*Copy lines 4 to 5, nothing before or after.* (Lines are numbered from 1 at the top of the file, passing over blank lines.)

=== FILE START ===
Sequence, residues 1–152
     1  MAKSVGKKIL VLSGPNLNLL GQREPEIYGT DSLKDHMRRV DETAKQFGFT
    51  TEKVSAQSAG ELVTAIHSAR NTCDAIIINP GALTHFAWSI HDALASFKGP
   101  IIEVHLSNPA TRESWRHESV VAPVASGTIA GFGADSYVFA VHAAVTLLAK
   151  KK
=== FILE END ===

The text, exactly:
   101  IIEVHLSNPA TRESWRHESV VAPVASGTIA GFGADSYVFA VHAAVTLLAK
   151  KK